Indian editor accused of espionage, influencing Canadian politicians against Khalistanis

Canadian Prime Minister Justin Trudeau
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New Delhi– An editor of a national news outlet has been accused of working for Indian intelligence agencies to “covertly influence” Canadian politicians against Khalistanis.

The revelation was reported by Canadian newspaper Global News, which claimed to accessed documents related to a federal court proceedings in a case related to the editor accused by the Canadian Security Intelligence Service (CSIS) of espionage.

The accusation is significant in view of the diplomatically disastrous India trip of Canadian Prime Minister Justin Trudeau in 2018. Perturbed at Trudeau’s support for Khalistanis (Sikh separatists), while Prime Minister Narendra Modi at the time had refused to meet him, Punjab Chief Minister Amarinder Singh raised the issue with him during their meeting.

Trudeau had also been slammed for the presence of attempted murder-accused and Khalistani separatist Jaspal Atwal in official functions.

On Friday, the newspaper said that the editor accused of espionage has been identified in court records only as “A.B.,” whose wife and son are Canadian citizens.

The CSIS has told the court that India’s two main intelligence agencies, Research and Analysis Wing (RAW) and Intelligence Bureau (IB), attempted to use money to “sway” Canadian politicians “into supporting Indian government interests” beginning 2009.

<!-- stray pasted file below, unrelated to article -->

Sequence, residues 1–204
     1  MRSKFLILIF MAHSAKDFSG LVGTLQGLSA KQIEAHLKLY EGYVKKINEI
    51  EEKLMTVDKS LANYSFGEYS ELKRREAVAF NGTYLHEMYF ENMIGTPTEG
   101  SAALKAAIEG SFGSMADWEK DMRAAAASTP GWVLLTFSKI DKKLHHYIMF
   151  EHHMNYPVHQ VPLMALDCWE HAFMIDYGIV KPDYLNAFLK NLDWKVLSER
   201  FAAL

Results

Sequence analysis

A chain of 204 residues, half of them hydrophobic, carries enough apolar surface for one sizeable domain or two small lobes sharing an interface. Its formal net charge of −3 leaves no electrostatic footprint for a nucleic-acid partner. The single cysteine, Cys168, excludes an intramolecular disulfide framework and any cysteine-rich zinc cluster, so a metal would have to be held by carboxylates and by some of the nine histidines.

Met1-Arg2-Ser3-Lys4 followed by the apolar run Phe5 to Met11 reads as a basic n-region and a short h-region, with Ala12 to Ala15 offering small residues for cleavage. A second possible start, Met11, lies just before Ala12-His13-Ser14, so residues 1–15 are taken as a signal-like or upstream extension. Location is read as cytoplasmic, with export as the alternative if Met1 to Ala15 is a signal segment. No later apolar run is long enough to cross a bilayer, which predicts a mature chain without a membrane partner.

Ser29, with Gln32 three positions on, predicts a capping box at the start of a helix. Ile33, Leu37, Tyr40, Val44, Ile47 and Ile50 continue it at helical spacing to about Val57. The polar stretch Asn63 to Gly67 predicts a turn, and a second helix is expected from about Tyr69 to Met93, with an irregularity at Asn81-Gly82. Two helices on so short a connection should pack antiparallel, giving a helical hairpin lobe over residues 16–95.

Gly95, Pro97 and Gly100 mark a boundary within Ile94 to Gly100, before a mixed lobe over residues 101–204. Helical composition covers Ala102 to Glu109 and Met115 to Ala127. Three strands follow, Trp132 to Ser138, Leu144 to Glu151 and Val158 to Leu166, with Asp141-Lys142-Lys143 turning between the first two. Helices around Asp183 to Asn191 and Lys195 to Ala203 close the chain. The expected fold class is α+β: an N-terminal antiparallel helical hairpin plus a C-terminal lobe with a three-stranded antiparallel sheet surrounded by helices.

The editor, the CISIS has alleged, “met Indian intelligence more than 25 times over six years, most recently in May 2015, a month after Indian Prime Minister Narendra Modi visited Canada.”

However, the Canadian newspaper said the Indian national has denied allegations that he had been “covertly tasked by Indian handlers,” and said that he had only met the intelligence agencies in the capacity as an editor.

Global News said that although he said he had refused to work for them, the Indian intelligence agencies wanted him to “act as an unofficial lobbyist or diplomat.” One of his tasks, the CSIS has alleged, was “to convince politicians that funding from Canada was being sent to Pakistan to support terrorism.”

The security screening investigation was triggered when ‘A.B.’ applied to immigrate to Canada, the newspaper said.

“Canada refused to allow A.B. into the country on the grounds he was engaged in espionage, but the court overturned that decision because it was based on a summary of his alleged statements rather than a transcript.”

Global News reported that the court said the decision to exclude him from Canada rested largely on an immigration officer’s finding that it was implausible that he did not supply information to Indian intelligence officers, given how frequently he met them.

“However, A.B. is a journalist and editor-in-chief of a newspaper. It is not inconceivable that he would meet with government sources every other month while maintaining his journalistic independence,” the court ruled.

In accusing him of espionage, the immigration officer had relied on an “undated and unattributed” summary of his interview with Canadian authorities, which the court ruled was unreasonable, the newspaper said.



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